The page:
3. Compare the SCN value in hand
    1. If SCNs are matched the perform the update
    2. If not raise an exception indicating that the row is modified by some other session.
  4. End

Lock the desired row in shared mode

As one talk about lock in shared mode, the very first thing comes into mind is the use of FOR UPDATE clause and you are right. Now lock your table’s desired row in shared mode.

SELECT ORA_ROWSCN INTO
<local parameter>
FROM
<table_name>
WHERE
<primary_key>=: x
FOR UPDATE NOWAIT

Now you are sure that nobody can modify this row till your session commits/rollbacks either by you or PMON (u know what that means. Right?)

Check whether record is modified or not

IF
<local parameter> = <last scn value you have seen>
THEN

    Update your row

ELSE

RAISE record_modified_excp;

END IF;

Update your row

Next step is to update your row. Since you are the only session that can modify the record since you previously lock it:

UPDATE
<table_name>
SET
<column_name> =: new_value
WHERE
<primary_key>=: x

Can you show me on some example?

Time Slot

Session 1

Session 2

T1

SQL> select ora_rowscn,first_name,last_name from emp where employee_id=112;

 

ORA_ROWSCN FIRST_NAME LAST_NAME

———- ——————– ————————-

3512833 Jose Manuel Urman

SQL> select ora_rowscn,first_name,last_name from emp where employee_id=112;

   
 

ORA_ROWSCN FIRST_NAME LAST_NAME

———- ——————– ————————-

3512833 Jose Manuel Urman

T2

SQL> begin

2 update_salary(112, 8000, 3512833);

3 commit;

4 exception

5 when others then

6 rollback;

7 raise;

8 end;

9 /

   

T3

SQL> select ora_rowscn,first_name,last_name,salary from emp where employee_id=112;

   
 

ORA_ROWSCN FIRST_NAME LAST_NAME SALARY

———- ——————– ————————- ———-

3513114 Jose Manuel Urman 8000

SQL> begin

2 update_salary(112, 8000, 3512833);

3 commit;

4 exception

5 when others then

6 rollback;

7 raise;

8 end;

9 /

begin

*

ORA-20000: Record is modified

ORA-06512: at line 7

T4

   

SQL> select ora_rowscn,first_name,last_name,salary from emp where employee_id=112;

   
 

ORA_ROWSCN FIRST_NAME LAST_NAME SALARY

———- ——————– ————————- ———-

3513114 Jose Manuel Urman 8000

   
 

Do we fail is table has created with NOROWDEPENDENCIES option?

Let’s see what will happen as we create our EMP table with NOROWDEPENDENCIES option. Session 1 is trying to update the salary of employee 113 to 8000$ and Session 2 is trying to update the salary of employee 114 to 120000$.

Time Slot

Session 1

Session 2

T1

SQL> select ora_rowscn,first_name,last_name,salary from emp where employee_id in (113,114);

   
 

ORA_ROWSCN FIRST_NAME LAST_NAME SALARY

———- ——————– ————————- ———-

3513479 Luis Popp 6900

3513479 Den Raphaely 11000

SQL> select ora_rowscn,first_name,last_name,salary from emp where employee_id in (113,114);

   
 

ORA_ROWSCN FIRST_NAME LAST_NAME SALARY

———- ——————– ————————- ———-

3513479 Luis Popp 6900

3513479 Den Raphaely 11000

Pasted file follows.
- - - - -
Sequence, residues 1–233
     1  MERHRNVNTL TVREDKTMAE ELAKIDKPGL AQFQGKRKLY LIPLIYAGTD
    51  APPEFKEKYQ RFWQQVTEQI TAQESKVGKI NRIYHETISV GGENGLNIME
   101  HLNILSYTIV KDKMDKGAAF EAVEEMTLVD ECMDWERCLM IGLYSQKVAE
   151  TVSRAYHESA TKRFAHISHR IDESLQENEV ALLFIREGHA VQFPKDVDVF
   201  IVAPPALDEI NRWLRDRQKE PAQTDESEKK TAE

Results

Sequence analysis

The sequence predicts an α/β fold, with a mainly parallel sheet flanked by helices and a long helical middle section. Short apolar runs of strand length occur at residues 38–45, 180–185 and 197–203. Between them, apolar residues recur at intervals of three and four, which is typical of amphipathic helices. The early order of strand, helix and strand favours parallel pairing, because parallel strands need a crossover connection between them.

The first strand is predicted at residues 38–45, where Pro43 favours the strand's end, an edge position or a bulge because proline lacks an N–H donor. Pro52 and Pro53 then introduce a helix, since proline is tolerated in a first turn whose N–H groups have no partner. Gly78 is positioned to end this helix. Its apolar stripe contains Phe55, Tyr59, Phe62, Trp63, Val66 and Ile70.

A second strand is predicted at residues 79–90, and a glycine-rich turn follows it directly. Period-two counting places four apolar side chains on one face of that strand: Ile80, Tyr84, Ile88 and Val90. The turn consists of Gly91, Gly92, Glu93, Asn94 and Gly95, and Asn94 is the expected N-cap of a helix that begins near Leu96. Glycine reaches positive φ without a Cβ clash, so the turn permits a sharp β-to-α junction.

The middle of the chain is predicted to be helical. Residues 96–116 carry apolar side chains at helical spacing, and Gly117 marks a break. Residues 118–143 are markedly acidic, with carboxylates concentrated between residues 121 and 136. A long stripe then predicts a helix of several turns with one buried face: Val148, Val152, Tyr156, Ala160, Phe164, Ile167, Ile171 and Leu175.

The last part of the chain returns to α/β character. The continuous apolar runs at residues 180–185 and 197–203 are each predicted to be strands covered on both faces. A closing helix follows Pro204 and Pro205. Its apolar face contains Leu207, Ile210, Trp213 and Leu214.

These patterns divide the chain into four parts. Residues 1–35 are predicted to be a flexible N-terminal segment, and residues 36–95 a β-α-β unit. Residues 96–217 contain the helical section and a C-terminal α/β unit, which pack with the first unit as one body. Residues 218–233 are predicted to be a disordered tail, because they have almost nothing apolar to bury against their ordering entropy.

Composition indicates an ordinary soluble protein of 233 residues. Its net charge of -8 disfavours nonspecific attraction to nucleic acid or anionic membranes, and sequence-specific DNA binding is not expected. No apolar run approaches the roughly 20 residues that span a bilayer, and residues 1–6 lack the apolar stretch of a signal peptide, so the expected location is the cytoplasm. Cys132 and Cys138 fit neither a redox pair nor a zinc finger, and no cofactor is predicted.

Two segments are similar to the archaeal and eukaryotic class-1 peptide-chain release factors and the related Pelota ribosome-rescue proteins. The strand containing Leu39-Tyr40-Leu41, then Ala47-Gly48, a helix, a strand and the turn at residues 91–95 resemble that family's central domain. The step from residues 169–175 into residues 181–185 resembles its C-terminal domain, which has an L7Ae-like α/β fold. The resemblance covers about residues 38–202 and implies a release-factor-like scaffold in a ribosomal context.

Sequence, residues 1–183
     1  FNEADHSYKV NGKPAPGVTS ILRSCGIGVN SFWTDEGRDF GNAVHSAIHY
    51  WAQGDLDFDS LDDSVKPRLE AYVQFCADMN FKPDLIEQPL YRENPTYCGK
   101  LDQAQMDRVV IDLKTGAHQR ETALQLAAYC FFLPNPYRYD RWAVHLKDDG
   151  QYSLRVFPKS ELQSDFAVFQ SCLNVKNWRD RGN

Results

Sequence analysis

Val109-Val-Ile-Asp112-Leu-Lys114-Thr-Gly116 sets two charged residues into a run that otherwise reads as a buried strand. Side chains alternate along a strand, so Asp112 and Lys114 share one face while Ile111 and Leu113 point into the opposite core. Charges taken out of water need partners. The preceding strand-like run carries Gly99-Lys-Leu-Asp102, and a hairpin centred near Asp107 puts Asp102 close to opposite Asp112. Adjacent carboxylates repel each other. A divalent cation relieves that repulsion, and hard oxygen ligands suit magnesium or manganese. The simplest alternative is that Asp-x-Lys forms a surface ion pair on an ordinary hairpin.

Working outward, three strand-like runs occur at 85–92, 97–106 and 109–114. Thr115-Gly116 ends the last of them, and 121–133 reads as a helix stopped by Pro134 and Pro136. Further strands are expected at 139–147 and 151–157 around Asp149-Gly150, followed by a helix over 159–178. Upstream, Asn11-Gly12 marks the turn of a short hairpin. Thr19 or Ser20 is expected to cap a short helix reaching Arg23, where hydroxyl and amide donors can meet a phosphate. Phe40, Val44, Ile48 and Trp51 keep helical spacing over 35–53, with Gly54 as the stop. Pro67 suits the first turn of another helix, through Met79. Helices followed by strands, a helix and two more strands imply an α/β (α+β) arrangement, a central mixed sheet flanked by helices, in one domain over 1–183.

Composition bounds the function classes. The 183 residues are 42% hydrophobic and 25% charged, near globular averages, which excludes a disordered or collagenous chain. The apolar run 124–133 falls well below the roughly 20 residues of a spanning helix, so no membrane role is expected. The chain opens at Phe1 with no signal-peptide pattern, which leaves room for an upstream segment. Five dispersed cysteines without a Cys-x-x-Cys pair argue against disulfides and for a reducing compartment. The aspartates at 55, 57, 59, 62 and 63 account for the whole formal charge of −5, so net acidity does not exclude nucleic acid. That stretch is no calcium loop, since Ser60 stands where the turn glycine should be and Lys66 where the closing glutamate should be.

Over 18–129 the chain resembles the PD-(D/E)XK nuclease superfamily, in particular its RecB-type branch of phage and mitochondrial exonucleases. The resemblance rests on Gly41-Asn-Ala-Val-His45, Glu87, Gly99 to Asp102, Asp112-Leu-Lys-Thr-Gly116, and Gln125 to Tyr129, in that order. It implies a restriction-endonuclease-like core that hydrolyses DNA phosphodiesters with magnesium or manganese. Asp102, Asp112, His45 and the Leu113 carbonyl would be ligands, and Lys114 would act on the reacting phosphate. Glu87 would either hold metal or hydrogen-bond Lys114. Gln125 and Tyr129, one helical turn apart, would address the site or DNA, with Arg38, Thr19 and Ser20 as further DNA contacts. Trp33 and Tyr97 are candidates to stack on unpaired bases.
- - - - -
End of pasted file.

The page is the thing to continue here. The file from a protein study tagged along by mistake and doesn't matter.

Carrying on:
T2

SQL> begin

2 update_salary(113, 8000, 3513479);

3 commit;

4 exception

5 when others then

6 rollback;

7 raise;

8 end;

9 /

   

T3

   

SQL> begin

2 update_salary(114, 120000, 3513479);

3 commit;

4 exception

5 when others then

6 rollback;

7 raise;

8 end;

9 /

begin

*

ORA-20000: Record is modified

ORA-06512: at line 7

   
 

Although two sessions request mutual exclusion over two different rows, session 2 fails to do so. Why? And is it erroneous? First of all, it doesn’t cause lost updates; we still acquire exclusion over the row. But more over this time we not only acquire exclusion in row level but also in block level. In other words, by updating the salary of employee 113, session 1 changes all SCN values of records within in the same block with employee 113(including record 114). As a result this causes a perception by session 2 as the record for employee 114 is updated by some other session. Isn’t that funny?

In a high concurrent environment, some hot blocks may cause this problem. Any change within the block will invalidate all records. This means an annoying sense over system users. You will display a “refresh your record” alert to your user although nothing changes about its record. The only change is at block level.

Conclusion

I have seen many applications just ignoring locking its locking mechanism. Ignoring locking schema will result in

  • Information corruption(Not data corruption)
  • Annoying users.

Either use pessimistic or optimistic locking; it is your architectural decision. But never be in a position answering the question “What is your locking mechanism for application X?” as

  • “I don’t know”
  • “We use no mechanism. We just update and allow lost updates”

Source Code Used in Examples

http://husnu.sensoy.googlepages.com/source.sql

About kocakahin

Just a computer engineer

Posted on July 28, 2007, in Oracle. Bookmark the permalink. 1 Comment.

  1. The examples are very helpful. Thank you